Mimsy Were the Borogoves

Music: Are you ready for that? Driving your car down a desert highway listening to the seventies and eighties rise like zombies from the rippling sand? I hope so.

Listening to music a privilege, not a right

Jerry Stratton, September 23, 2005

Digital restriction management has nothing to do with piracy and everything to do with forcing music listeners to pay multiple times for the music they buy. Industry executives rarely say this publicly, of course, but sometimes they get caught. Ken Fisher writes on Ars Technica that:

...technologies like “Digital Rights Management” are less about preventing piracy, and more about finding new ways to nickel-and-dime customers. Of course, the industry is trying to accomplish its objective by publicly lamenting piracy. For this reason, most industry talking heads keep their comments in check when talking about DRM schemes, but from time to time we’ve seen people truly speak their mind.

In this case, Tommi Kyyrä of IFPI Finland said that playing music on computers is an extra privilege, not a right of ownership. People who own computers should just get a CD player.

Not only does this ignore the trend of CD players to become computers, it also ignores that most computer CD players are CD players. They fully meet the standard of being a CD player. The music restriction schemes that he is talking about do not work because computer CD players have fewer features than standalone CD players, but because computers have more features. The digital restriction schemes can take advantage of the extra features on the computer to run extra software that limits how the CD plays.

Industry executives talk about piracy, but their restrictions never affect illegal distribution. They only affect our “privilege” of listening to the music we buy in the manner and time that we want to listen to it. None of the digital restriction techniques in use today do or could possibly affect illegal distribution; they only affect how easy it is to play our music on our computers, on our portable music players, on our automobile CD players, and on our combination DVD/CD players.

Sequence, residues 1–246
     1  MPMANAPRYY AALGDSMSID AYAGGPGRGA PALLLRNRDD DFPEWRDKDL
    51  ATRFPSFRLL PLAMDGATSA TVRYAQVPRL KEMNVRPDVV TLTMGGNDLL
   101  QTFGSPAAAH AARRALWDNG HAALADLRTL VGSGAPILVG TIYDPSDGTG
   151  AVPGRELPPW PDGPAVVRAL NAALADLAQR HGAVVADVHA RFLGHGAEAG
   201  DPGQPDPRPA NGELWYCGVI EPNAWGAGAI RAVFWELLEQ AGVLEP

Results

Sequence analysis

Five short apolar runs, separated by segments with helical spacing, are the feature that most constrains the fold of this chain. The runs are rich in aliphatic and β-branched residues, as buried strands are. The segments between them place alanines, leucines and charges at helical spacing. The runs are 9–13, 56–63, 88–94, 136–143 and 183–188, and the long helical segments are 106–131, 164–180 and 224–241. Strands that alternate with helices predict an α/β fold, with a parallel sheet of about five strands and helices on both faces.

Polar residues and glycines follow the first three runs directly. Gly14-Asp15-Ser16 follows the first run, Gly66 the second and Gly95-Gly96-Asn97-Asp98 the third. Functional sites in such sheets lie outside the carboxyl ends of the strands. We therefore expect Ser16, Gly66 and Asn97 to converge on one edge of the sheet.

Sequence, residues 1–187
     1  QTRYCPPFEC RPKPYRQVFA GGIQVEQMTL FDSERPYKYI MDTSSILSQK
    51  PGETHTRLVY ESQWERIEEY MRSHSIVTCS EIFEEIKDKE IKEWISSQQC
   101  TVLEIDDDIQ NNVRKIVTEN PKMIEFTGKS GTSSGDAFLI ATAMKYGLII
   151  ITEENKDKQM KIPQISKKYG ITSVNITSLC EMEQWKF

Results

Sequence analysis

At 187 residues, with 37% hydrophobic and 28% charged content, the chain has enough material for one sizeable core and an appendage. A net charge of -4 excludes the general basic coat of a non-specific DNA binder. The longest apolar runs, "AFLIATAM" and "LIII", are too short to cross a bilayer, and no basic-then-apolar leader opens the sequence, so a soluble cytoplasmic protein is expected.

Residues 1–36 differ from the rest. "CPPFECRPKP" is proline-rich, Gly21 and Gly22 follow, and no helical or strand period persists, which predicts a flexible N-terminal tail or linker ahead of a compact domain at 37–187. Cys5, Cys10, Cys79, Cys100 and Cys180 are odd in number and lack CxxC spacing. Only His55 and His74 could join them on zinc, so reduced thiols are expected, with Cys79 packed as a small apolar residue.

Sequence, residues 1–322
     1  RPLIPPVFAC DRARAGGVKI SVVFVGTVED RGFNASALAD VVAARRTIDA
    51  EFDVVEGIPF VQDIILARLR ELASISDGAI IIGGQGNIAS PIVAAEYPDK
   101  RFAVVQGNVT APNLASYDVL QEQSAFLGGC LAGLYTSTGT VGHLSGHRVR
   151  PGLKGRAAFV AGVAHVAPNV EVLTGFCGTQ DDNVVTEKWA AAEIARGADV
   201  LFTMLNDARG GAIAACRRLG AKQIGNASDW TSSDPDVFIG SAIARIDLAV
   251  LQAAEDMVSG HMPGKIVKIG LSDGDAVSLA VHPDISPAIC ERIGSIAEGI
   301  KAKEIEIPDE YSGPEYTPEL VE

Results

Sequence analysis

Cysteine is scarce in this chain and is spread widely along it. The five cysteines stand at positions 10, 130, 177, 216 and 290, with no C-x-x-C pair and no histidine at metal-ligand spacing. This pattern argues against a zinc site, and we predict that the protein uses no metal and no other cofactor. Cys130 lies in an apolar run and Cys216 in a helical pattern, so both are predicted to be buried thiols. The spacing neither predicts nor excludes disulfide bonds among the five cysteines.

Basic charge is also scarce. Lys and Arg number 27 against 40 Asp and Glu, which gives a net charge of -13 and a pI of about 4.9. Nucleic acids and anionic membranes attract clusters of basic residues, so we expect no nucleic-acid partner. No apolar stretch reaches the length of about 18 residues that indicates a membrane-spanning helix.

September 26, 2005: 1,000 songs is enough for anybody

Music industry executives aren’t the only executives who don’t understand music fans. Ed Zander of Motorola, whose ROKR phone holds a maximum of 99 songs, has this to say about Apple’s nano:

Screw the nano. What the hell does the nano do? Who listens to 1,000 songs?

Bill Gates apparently never said that 640k is enough for anybody, but Ed Zander may well be remembered for saying that 1,000 songs is enough for any music fan. Still, that’s ten times as many songs as the ROKR holds.

September 24, 2005: Does iPod exist for music, or does music exist for the iPod?

I’ve said for a long time that it doesn’t seem that music industry executives actually listen to music and that they want to charge consumers for every device that they use to listen to their music. Warner Music Group CEO Edgar Bronfman Jr. is now saying that music should cost different prices depending on what is being used to play the music.

Mr. Bronfman said the music industry should not have to use its content to promote the sale of digital music devices for Apple or anyone else, and not truly share in the profits.

“We are selling our songs through iPod, but we don’t have a share of iPod’s revenue,” he said. “We want to share in those revenue streams. We have to get out of the mindset that our content has promotional value only.”

So, for “the music industry”, music is merely a promotional item that sells cassette players, CD players, iPods, and other music devices. And so they want to “share in the profits” generated by those devices. Imagine:

“We are selling our songs through Pioneer CD Players, but we don’t have a share of Pioneer’s revenue. We want to share in those revenue streams. We have to get out of the mindset that our content has promotional value only.”

They have no idea that people who actually listen to music buy more music when it is easy for them to listen to it. That’s the whole secret to the success of the iTunes Music Store, in which the music industry does share profits. Music isn’t merely a promotional item for selling an iPod; an iPod--or any other music device--is a way of listening to enjoyable music. But someone who doesn’t listen to music wouldn’t understand that.

  1. <- Alice Cooper 2005
  2. FireWire Audiophile ->